Accelerated Mobile Pages – The New Guy In SEO?

We live and breathe website optimisation at This Side Up, so we are always keeping an eye on trends that could benefit our clients. One that we have been monitoring for a while and we believe will become a significant rankings factor in the near future is the Accelerated Mobile Project by Google. You can already see it has been given real estate within Google Search Console which says a lot about it’s importance.

AMP GWT

Although smartphones and tablets haven’t been around for as long as computers, they have revolutionised our societies by allowing us to access information on the go. Reflecting the busy lifestyle we have all adopted, they account for over half of all searches on the web and a flock of well-devised Apps makes it even easier to do whatever you want on those devices, from banking, shopping, reading the news, watching videos, playing music and so much more.

So far, however, user experience hasn’t quite kept up, mostly due to the unsatisfactory load speed of pages on mobile devices. The internet culture has made us very impatient. Why would you want to call a contact centre and wait in a queue for 10 minutes when you can fill in a form online in a minute? The same applies to accessing the web over smartphones and tablets: if it takes too long for a page to load, you’ve lost us, and studies show that websites with a poor load speed can experience a bounce rate of up to 58%.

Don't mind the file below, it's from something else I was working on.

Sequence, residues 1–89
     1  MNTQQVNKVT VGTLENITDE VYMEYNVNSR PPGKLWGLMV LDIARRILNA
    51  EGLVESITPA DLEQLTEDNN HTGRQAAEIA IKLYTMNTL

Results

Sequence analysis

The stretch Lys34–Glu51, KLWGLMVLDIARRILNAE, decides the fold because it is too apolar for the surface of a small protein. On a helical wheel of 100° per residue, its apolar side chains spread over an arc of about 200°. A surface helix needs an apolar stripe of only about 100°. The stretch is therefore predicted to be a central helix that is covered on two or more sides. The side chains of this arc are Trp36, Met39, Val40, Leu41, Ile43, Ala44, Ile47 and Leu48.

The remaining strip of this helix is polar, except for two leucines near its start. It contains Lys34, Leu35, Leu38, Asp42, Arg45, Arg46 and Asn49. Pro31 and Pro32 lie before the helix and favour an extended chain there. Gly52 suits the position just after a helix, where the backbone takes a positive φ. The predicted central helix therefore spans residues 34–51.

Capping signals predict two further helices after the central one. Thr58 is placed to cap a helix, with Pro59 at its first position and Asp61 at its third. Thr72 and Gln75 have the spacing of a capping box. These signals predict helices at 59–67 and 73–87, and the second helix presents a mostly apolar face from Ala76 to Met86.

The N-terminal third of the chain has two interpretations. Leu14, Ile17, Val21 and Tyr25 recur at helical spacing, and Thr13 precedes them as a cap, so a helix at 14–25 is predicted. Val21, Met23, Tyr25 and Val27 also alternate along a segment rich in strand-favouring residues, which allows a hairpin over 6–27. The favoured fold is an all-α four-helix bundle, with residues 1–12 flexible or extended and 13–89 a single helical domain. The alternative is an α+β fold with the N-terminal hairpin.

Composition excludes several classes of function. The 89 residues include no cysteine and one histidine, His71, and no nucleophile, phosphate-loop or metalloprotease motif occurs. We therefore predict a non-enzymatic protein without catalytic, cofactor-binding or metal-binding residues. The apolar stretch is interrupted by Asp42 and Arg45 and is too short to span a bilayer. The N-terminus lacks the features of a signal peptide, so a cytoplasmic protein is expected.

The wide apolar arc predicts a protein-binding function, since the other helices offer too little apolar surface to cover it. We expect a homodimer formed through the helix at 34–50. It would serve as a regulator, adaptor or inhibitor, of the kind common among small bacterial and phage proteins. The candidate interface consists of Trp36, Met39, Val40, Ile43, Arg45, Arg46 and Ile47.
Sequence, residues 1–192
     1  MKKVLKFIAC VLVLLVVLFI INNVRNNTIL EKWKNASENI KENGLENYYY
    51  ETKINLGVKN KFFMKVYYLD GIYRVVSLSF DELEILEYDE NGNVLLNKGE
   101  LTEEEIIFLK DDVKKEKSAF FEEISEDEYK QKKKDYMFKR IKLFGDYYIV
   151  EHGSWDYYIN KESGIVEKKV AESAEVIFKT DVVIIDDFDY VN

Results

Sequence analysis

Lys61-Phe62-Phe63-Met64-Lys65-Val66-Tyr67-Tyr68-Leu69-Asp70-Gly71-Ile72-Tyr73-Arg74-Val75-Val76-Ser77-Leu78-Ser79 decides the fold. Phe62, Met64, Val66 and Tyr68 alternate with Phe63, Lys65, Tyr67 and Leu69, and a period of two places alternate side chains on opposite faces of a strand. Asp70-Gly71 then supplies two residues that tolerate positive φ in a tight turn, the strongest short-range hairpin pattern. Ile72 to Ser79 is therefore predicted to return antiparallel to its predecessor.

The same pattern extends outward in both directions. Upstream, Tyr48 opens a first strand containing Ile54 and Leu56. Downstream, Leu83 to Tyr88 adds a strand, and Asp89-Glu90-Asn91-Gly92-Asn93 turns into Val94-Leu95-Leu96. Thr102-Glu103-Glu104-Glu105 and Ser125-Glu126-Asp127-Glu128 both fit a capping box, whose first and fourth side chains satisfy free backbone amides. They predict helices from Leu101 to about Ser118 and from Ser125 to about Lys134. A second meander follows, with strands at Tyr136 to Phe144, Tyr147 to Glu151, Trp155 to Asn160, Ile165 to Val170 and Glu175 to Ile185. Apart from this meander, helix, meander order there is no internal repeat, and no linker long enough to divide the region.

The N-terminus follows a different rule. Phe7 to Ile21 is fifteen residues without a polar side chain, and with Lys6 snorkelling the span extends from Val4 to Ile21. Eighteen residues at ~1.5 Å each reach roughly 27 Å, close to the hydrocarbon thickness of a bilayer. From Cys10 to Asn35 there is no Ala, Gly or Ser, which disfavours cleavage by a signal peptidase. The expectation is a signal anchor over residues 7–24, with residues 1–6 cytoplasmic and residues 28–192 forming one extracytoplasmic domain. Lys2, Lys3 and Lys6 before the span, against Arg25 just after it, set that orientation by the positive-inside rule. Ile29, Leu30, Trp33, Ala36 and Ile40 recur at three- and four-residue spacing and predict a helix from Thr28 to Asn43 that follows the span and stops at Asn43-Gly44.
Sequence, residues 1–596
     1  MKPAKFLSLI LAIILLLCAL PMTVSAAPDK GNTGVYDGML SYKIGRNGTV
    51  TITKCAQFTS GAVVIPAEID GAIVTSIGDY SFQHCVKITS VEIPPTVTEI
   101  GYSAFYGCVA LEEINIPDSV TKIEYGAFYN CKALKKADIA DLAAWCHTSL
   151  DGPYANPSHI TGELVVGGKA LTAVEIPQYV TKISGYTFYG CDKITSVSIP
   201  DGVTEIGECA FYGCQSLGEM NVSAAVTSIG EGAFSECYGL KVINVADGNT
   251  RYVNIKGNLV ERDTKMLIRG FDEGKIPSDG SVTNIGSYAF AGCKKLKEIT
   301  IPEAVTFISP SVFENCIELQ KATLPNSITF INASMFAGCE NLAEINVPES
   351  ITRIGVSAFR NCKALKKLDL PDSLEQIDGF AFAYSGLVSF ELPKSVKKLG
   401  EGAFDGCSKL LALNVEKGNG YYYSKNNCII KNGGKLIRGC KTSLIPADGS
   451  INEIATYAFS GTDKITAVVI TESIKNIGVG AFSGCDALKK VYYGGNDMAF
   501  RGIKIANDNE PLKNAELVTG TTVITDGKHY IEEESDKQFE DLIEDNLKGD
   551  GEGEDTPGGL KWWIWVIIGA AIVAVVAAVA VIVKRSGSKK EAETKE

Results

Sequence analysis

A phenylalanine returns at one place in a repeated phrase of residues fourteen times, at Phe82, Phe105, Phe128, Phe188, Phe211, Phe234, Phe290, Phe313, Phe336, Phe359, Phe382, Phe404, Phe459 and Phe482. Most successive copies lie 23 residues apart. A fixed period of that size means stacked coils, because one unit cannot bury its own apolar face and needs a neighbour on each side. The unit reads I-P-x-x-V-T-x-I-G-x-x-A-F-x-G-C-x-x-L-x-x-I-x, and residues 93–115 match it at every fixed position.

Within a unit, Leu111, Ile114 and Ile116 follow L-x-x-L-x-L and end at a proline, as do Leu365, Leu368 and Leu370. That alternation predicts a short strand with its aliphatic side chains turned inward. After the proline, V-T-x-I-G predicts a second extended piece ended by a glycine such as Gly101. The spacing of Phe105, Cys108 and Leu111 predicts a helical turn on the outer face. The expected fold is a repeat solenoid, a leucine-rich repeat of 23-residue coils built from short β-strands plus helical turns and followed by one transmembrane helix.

The issue of speediness is a crucial one for content publishers, but even more so for advertisers who can lose the opportunity to convert a visitor into a customer and generate revenue – he or she will simply go somewhere else if the signing-up or registration process is slowed down by content loading.

After intense discussions with publishers and technology companies, Google have announced that they are backing a new initiative called “Accelerated Mobile Pages” (AMP). An open-source project, it aims to improve the performance of the mobile web so that content-rich webpages such as videos, animations and smart ads load almost instantaneously. According to Google, AMP pages load almost four times faster and use about ten times less data than non-AMP pages – this is great news for users who will be consuming less of their data allowance, and pay less in roaming charges when they surf the internet abroad.

Due to the multitude of portable devices and size screens, the code will need to be compatible across most platforms and devices and will rely on a new framework, AMP HTML, which will produce lightweight websites and fast mobile load times.

Almost 30 publishers globally have already decided to take part. News websites New York Times, Wall Street Journal, and the BBC are already publishing AMP content. Website platform WordPress, social media sites Twitter and Pinterest, networking site LinkedIn and Adobe Analytics are but a few of the early adopters of AMP HTML pages. They will be concentrating on key areas such as ensuring that graphics, videos, maps, plug-ins, etc, which make content so much more engaging, are loaded promptly.